Next, you’ll need to set up a system for collecting, sorting, and processing recyclable materials. This involves purchasing and maintaining recycling machinery, hiring a team to run the machinery, and developing a working system or protocol. You’ll also need to consider the different types of recyclable materials that you want to handle and ensure you have the appropriate machinery and expertise to handle them.
Once you’ve set up the collection system, you’ll need to plan how you will transport the recyclables from your facility to your customers.
Step 5: Hire Staff
As a recycling business owner, hiring employees is a significant step that comes with a range of responsibilities. Before you begin the hiring process, there are several legal steps you must complete:
Obtaining an Employer Identification Number (EIN): This is a unique number assigned by the IRS, essential for tax purposes. It’s used to identify your business entity and is necessary for reporting taxes and other documents to the IRS.
Employment eligibility verification: As an employer, you must verify that each new hire is legally eligible to work in the United States. This is typically done using the Form I-9, which must be completed for each employee.
State hiring requirements: Each state has different forms and reporting requirements when it comes to hiring employees, so it’s important to familiarize yourself with these before starting the hiring process.
Workers’ compensation insurance: Most states require employers to have workers’ compensation insurance. This insurance provides benefits to employees who suffer job-related injuries or illnesses.
Understanding labor laws: Familiarize yourself with federal and state labor laws. These laws cover various aspects of employment, including minimum wage, overtime, and workplace safety. As a recycling business, it’s crucial to ensure that your operations comply with these laws to avoid legal complications.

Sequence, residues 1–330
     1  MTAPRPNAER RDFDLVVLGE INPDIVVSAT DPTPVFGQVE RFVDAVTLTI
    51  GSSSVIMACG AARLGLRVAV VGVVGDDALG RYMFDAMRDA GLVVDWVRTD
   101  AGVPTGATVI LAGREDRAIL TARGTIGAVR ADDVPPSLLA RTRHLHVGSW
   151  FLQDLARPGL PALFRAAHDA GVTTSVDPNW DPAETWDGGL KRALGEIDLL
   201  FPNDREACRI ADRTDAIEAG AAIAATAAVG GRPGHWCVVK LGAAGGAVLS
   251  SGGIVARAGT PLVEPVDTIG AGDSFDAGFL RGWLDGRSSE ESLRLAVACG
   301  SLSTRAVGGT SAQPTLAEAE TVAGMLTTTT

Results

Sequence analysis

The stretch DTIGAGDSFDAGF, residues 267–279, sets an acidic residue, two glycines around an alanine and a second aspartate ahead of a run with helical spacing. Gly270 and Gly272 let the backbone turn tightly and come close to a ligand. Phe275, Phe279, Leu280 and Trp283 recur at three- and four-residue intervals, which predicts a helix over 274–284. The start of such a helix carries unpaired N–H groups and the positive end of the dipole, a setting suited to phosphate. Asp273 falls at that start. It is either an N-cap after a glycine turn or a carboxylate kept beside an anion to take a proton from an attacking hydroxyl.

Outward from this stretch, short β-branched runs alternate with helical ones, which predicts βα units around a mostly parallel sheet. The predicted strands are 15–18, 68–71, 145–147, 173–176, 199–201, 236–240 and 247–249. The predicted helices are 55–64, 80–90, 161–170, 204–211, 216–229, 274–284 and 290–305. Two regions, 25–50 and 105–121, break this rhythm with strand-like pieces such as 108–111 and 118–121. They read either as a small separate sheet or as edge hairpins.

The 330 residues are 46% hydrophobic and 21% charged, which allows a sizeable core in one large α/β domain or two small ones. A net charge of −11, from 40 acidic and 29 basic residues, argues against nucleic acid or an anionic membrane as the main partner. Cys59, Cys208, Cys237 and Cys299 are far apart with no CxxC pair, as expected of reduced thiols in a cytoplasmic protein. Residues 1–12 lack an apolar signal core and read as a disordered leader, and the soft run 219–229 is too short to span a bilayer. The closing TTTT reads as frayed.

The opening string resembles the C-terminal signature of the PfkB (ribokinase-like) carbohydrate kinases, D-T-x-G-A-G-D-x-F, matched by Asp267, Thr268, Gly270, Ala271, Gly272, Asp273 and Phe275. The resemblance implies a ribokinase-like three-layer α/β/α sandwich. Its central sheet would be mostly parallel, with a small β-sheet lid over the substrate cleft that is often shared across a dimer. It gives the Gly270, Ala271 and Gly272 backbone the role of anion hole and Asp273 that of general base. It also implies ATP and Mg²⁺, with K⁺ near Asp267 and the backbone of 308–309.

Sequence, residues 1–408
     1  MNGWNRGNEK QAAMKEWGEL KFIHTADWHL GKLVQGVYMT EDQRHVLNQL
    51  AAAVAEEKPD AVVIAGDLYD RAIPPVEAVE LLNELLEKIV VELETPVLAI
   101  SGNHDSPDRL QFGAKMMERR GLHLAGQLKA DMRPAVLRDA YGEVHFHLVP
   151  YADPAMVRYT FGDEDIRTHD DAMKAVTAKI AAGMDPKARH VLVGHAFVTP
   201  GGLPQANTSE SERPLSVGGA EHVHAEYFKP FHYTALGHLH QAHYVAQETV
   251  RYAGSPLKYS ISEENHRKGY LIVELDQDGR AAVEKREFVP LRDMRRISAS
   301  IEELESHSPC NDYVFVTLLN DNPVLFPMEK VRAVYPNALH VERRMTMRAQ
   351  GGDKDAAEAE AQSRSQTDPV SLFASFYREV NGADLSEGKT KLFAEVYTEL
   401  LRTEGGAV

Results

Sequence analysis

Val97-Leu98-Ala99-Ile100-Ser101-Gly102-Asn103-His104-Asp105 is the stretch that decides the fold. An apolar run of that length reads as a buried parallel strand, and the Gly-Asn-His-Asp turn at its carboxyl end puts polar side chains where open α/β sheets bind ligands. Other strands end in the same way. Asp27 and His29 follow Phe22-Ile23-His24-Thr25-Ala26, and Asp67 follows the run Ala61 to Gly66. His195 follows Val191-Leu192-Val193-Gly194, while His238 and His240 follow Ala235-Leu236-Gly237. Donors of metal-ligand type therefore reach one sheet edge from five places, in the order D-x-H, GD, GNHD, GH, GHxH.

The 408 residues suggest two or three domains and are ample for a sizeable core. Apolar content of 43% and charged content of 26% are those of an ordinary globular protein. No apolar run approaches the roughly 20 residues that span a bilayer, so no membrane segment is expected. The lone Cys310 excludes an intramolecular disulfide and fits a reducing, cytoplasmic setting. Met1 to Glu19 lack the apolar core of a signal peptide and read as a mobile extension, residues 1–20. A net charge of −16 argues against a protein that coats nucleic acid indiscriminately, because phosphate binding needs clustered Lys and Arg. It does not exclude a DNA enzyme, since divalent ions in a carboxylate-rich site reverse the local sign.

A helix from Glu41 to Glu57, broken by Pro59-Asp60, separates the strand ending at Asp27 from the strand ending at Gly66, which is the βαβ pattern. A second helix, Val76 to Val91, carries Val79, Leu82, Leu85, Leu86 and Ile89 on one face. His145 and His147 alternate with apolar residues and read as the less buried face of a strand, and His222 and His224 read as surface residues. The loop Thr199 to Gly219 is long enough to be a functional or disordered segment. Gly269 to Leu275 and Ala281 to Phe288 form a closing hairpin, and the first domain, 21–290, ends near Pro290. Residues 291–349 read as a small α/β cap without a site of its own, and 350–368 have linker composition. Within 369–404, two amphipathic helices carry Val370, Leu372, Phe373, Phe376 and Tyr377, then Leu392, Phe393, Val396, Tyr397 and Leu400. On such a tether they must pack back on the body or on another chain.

Step 6: Prepare to Open!
After covering the core steps to start a recycling business, there are still several tasks to complete. While these might differ depending on your specific needs, here are some common elements to address:
Business insurance: Common types of insurance include liability insurance, property insurance, and workers’ compensation insurance. Liability insurance can protect against damages or injuries to third parties, property insurance covers damage to your facility or equipment, and workers’ compensation insurance covers employees in case of work-related injuries.
Setting up bookkeeping: Bookkeeping helps track daily transactions, manage taxes, prepare financial statements, and keep your financial health in check.
Opening a business bank account: This helps in keeping your business finances separate from your personal finances, making financial management more straightforward and transparent.
Common Questions When Starting A Recycling Business
How much does it cost to start a recycling business?
Estimated total start-up costs for a recycling business can range from $150,000 to $750,000 or more, depending on the scale and requirements of your specific operation. Here is a breakdown of the costs:
Location: The most substantial cost is typically the land requirement for setting up your recycling plant. Depending on the size and location, this could range between $120,000 to $1,000,000.
Equipment and machinery: Another substantial expense is the equipment and machinery for waste collection, sorting, and processing. Depending on the size and scope of your operation, equipment costs can range from $100,000 to $500,000 or more.
Business registration and licensing: The cost of licensing for a recycling business can vary depending on the type of license and the location of the business. Generally, you can expect to pay between $100 and $500 for a business license, and $50 to $200 for a recycling license. If your recycling company is processing any hazardous waste, you’ll need to obtain an Environmental Protection Agency (EPA) permit, which can cost between $100 and $10,000 or more, depending on the size and scope of your recycling operation.
Insurance: While the cost of insurance depends on factors such as the size of your operation and coverage options, a general liability insurance policy specifically tailored for a recycling business can start at around $5,000.
Marketing and branding: Establishing your brand and promoting your recycling business requires initial marketing expenses. This can include logo design and branding materials as well as creating a professional website. Budgeting $2,000 to $5,000 for marketing and branding is a typical starting point.